• Abcessed tooth

  • Anesthesia dolorosa

  • Atypical facial pain

  • Cluster headaches

  • Eagle's syndrome

  • Ernest syndrome

  • Fibromyalgia

  • Impacted or semi-impacted tooth

  • Migraine

  • Multiple sclerosis

  • Muscle contraction headaches

  • Myofascial pain syndrome

  • Nervus intermedius neuralgia

  • Neuralgia-inducing osteonecrosis

  • Occipital neuralgia

  • Osteocavitations

  • Post-herpetic neuralgia

  • Pulpitis

  • Periodontal abcess

  • Tempotal tendonitis

  • Temporo mandibular joint disorder TMJ

  • Trigeminal neuralgia

  • Sinusitis


Under longstanding extraction sites of dental patients, intraosseous vacuolations form which produce painful lesions recognized by enlightened dentists as Neuralgia-Inducing Cavitational Osteonecrosis (NICO). These are pathological entities forming osteocavitations that sit alongside of or under root canal fillings put in by endodontists or dentists as substitutes to keep teeth that should have been removed. As such, the NICOs are major sources of systemic signs and symptoms which until recently had not been recognized as the reason for illnesses.

Neuralgia-Inducing Cavitational Osteonecrosis (NICO) is a jawbone version of ischemic osteonecrosis, a common disease affecting any bone but with special affinity for those of the hips, knees and face. Osteonecrosis, and its "lesser" variants, bone marrow edema and regional (transient) ischemic osteoporosis), is a problem of poor blood flow through the marrow and 4/5 of affected patients have underlying coagulation problems. By definition, NICO is associated with pain.  Osteonecrosis itself may or may not be painful. It may or may not affect multiple sites in one bone, or multiple bones.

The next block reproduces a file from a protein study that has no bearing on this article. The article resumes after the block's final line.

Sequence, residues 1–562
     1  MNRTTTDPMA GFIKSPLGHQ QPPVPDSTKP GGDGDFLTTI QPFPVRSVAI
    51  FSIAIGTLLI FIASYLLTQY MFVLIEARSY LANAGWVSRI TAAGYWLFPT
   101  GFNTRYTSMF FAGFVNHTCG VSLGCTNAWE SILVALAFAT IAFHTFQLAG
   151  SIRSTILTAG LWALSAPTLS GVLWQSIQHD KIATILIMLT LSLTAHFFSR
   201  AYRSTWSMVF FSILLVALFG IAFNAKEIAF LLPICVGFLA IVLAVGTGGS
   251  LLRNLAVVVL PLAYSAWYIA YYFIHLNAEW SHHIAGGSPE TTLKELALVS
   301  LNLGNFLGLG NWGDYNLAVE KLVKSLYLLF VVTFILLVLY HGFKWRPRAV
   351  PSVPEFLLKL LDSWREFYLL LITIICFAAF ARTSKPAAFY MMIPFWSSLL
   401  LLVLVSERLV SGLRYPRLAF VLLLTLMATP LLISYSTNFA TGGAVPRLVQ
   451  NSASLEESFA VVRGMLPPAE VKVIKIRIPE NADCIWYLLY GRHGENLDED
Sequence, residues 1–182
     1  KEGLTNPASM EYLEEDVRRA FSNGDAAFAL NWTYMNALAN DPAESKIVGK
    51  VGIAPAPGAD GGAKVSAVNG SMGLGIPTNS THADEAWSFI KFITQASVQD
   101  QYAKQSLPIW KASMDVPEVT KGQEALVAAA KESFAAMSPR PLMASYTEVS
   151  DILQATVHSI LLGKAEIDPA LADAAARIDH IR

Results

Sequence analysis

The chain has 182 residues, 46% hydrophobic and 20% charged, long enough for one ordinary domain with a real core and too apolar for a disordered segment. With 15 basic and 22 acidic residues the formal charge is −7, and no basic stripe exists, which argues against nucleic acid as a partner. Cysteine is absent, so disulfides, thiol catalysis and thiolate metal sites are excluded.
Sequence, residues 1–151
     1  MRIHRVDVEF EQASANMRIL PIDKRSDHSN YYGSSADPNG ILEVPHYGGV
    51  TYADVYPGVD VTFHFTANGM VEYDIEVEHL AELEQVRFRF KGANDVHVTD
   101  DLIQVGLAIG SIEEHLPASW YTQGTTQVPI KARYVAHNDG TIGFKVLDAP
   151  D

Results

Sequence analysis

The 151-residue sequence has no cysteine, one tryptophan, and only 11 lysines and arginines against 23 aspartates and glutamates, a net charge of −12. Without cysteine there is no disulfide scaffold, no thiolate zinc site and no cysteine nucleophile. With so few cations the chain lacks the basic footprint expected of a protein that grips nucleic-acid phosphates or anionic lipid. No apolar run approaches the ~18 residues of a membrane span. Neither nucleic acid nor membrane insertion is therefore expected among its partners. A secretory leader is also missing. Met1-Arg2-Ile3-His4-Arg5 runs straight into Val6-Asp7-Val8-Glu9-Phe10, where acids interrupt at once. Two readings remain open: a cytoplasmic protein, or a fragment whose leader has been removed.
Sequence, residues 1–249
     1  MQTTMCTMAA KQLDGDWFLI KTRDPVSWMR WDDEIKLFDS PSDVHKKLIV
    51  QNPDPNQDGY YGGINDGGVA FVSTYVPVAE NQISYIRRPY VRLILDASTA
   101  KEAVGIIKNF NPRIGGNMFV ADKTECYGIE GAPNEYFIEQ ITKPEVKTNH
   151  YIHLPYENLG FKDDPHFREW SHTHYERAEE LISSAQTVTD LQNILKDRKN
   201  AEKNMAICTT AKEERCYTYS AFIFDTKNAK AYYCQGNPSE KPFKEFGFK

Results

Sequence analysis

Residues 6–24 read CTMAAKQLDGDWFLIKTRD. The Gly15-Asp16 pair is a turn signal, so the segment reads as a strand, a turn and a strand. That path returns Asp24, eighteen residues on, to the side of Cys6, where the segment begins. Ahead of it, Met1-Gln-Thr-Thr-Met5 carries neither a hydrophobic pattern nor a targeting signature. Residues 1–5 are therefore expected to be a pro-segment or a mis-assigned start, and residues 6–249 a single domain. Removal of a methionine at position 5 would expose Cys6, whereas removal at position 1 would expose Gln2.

The dead areas in a jaw bone come from actions common in dentistry such as tooth extractions, root canal treatments, and even drilling on a tooth. The farther back in the mouth the tooth extraction is, the more likely it is that a cavitation will form if the tooth socket is not properly cleaned out.

A correct technique for tooth socket cleaning includes the removal of the periodontal ligament that attaches the tooth to the socket, and removal of a portion of the bony socket.

Autopsy Case of Ischemic Osteonecrosis


The first autopsy example of NICO was published in the Journal of Oral Pathology & Medicine in 1999. This photo, from that case, illustrates a subcortical region of mushy brown marrow with microcavitations (arrows), located in the mandibular second and third molar region. This was barely visible on radiographs and the patient had been previously treated, unsuccessfully (prior to NICO therapy),  for atypical facial neuralgia/pain of this nerve branch and trigeminal neuralgia of the second trigeminal nerve branch. Notice the glistening brown/gray semitranslucent material around the inferior alveolar nerve. The nerve canal is mostly destroyed by the disease, leaving this "gelatinous marrow," a sign of ischemic damage.

How can Chronic Jaw Osteitis/ NICO lesions cause disease? visit the amazing web site of Dr. J Lechner: